She feels pride for her hybrid blood. But there is also a sense of guilt of an unknown sin committed by her ancestors and pain for being always an outsider in her own family and her own county. She is the inheritor of the cultural treasures of three traditions. Her present does not spring naturally from her past. Both merge in a corroded culture and the wound of being an outsider remains raw—“All my treasures Lost”. In the process of self-searching she realizes that this tension is not the outcome of the difference between past and present but between her “selves” that pop-up from within. A great number of poems are addressed to her mother-in –law. Her one self identifies with her mother-in-law. Radiant in her past glory but now only reflecting “Medusa like”, her face in the empty mirrors of her family’s eyes she has been reduced to an archetypal woman. This conflict between her various selves opens up a kaleidoscopic display of feminine feelings and defines the subtle nuances in woman –woman relationship. By filling the silent gaps in her tale with clamour of her own tormenting questions, the poet inextricably intertwines her own portrait with that of her mother-in-law. Similarly the poems on her sister-in –law bringing out the fire of life and ashes of death are structured as an autobiography- in- progress.
The poet is a traveler “preparing all the time for journeys”. In the course of “ancient footpaths” or in the “endless vistas” of other climes, this “migrant bird”, as she calls herself, brings forth narratives of unknown women. She shares the travelers’ tales with Ingrid Squirrel and the magical secrets of primroses with Suniti Namjoshi, she is haunted by the ghosts of dead wives of a Man, makes an attempt to catch the “vanishing echo” growing fainter and fainter of a drowned girl Sunethra Wicremesinghe, she is moved by the poverty of Emeline Nona and helplessness of her daughter Beatrice, the resolute firmness of a striptease dancer and the depressing loneliness of Mrs.L. These and many “a woman /Whose name I do not remember”, are the unforgettable portraits of women pulsating with life all around us and present the kaleidoscopic patterns of shifting emotions but they all sing in one voice “We have lost our identity”.
Ancient are the cave memories of women;
In each life the pattern shifts, that’s all
(Woman Dreaming, p 58)
The turbulent present emerges in the portrait of a new, modern woman Vanati who puts away the “silks, vermillion starred with gold”, and makes gun her new love. Shedding all the meekness she steps on the “puranic battlefield” meant for men. But the detailed list of the womanly trivia suggests the strangulation of natural womanly desires which is a powerful manifestation of her silent pain.
The best poems of the collection, however are the ones in which the poet is immersed in the act of self discovery. Her cry at being led out of the “primal garden of innocence” of youth and now feeling the “bitter juice” “dripping from the wounded mouth” is the cry of any woman. But the poet is not any woman. She has discovered within her “all kinds of mixed genes” and wonders if the re-reading of the epics would give a fresh interpretation and transformation to her “worn out” and “time-battered” self? Suffering and betrayal have not shaken her persona. She knows fully well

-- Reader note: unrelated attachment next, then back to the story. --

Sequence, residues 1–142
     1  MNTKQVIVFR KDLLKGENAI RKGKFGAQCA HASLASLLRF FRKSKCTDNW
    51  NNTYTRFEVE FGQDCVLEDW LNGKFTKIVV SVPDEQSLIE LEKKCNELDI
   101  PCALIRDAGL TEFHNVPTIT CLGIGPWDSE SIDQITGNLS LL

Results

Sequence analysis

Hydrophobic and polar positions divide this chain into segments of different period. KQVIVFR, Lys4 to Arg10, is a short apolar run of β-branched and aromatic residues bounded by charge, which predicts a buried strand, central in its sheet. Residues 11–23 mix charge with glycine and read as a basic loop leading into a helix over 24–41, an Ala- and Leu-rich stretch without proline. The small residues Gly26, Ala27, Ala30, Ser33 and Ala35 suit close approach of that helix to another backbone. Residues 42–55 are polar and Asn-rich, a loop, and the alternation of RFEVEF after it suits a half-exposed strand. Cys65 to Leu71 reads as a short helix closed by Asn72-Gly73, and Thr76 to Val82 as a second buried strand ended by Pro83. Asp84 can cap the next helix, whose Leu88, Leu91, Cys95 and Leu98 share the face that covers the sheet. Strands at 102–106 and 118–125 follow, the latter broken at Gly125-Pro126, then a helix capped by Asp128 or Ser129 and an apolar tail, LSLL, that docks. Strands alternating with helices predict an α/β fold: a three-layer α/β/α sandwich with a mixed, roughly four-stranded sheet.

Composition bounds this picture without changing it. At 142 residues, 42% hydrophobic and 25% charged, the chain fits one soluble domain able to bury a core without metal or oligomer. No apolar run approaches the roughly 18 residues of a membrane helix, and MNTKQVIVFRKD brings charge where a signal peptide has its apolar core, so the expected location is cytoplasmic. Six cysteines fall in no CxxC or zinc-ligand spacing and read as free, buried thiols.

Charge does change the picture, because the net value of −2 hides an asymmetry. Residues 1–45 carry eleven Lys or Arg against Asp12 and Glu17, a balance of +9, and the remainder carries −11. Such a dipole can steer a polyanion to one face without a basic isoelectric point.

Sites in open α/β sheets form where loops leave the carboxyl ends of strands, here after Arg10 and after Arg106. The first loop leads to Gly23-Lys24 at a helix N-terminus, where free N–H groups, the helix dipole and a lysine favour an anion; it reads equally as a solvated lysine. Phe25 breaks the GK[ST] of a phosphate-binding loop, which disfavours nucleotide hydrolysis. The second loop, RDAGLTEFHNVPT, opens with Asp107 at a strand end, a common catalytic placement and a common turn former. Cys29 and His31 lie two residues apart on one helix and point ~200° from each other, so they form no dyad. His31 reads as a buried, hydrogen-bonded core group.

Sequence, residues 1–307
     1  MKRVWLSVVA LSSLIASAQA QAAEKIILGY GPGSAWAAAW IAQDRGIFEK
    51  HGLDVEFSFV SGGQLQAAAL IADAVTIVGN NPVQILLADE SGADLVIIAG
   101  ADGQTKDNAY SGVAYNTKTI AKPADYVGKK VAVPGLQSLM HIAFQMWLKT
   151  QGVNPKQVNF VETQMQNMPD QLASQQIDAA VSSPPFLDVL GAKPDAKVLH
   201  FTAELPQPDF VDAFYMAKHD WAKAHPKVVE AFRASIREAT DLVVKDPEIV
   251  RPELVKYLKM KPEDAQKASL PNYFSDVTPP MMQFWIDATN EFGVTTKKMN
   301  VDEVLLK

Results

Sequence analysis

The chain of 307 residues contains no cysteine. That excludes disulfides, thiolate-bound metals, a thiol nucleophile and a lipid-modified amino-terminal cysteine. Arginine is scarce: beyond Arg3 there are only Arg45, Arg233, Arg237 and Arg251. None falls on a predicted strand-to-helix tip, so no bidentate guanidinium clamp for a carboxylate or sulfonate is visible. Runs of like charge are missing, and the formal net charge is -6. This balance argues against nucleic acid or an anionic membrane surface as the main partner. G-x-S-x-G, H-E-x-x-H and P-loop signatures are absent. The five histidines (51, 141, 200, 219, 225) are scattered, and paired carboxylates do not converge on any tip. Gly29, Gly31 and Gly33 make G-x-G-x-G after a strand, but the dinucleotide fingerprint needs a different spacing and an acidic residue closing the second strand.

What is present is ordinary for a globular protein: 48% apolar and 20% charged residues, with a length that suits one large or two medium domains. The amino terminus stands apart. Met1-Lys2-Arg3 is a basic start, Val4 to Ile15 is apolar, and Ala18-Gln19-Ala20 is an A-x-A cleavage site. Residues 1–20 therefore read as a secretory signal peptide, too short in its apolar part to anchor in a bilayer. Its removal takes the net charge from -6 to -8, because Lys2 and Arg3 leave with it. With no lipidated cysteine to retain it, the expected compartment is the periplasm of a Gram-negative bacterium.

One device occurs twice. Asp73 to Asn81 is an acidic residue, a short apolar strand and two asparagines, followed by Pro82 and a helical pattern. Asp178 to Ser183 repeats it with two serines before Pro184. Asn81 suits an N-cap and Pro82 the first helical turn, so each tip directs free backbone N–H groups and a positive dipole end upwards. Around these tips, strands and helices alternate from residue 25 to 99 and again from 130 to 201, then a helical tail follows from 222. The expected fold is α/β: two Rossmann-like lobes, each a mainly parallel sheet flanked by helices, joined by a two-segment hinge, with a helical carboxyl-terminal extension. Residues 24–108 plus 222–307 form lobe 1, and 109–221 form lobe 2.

Of me, there’s still a perpetual
Flame burning that some pure
Vestal virgin lit, which never really
Her wounded self endangered by the encroaching dread of existential problems does not tie the poet with a state of paralyzed perplexity as is the case with Sylvia Plath who at certain moments experiences a genuine terror of being alive. Sylvia Plath represents western consciousness that feels drowned in the quick sand of emptiness. The author still has enough vitality left to face the larger truths of life. Her self struggling with the icy winds of longing, hatred and alienation is only the tip of the iceberg: the larger chunk merges itself with the sea of suffering humanity. Her voice emanating from her personal life becomes the mouthpiece amplifying the muffled sound of her own people “those wrenched and malformed roots” of an identity, “bearing history’s unforged signature”. She is one of them, has slept displaced on floors of refugee camps with them. It is a shattering experience to watch a woman
Searching for her daughter’s
Lover, among the dead, two hundred males
Young, old, turning face after face
To the light.
(Woman/Third world Poet, p127)
To history she is anonymous. But to the poet she is a reality, she is Medea, she is Antigone. Jean Arasanayagam feels that only divinely inspired like Plato can create an ideal republic. An “ordinary human” like her can only create a world of suffering and pain of real human beings who in their arduous journey of life try to reach some point “if fate allows, of destiny”.
WOMEN, ALL WOMEN is a saga of that eternal pain and suffering which is the common lot of women all over the world in all times handed over from mothers to the daughters. Suffering changes its modes but it goes nonetheless to the heart. The poet feels trapped:
What alms have I? What pity?
I who peered into the bloodbath sculptures
Of our times pursued by the Erinyes,
Create my own Tryptich
Share all beginnings.
(At the Tate, p 51)
This collection of poems gives a peep into the raw depths of “the limitless universe” of a woman’s psyche.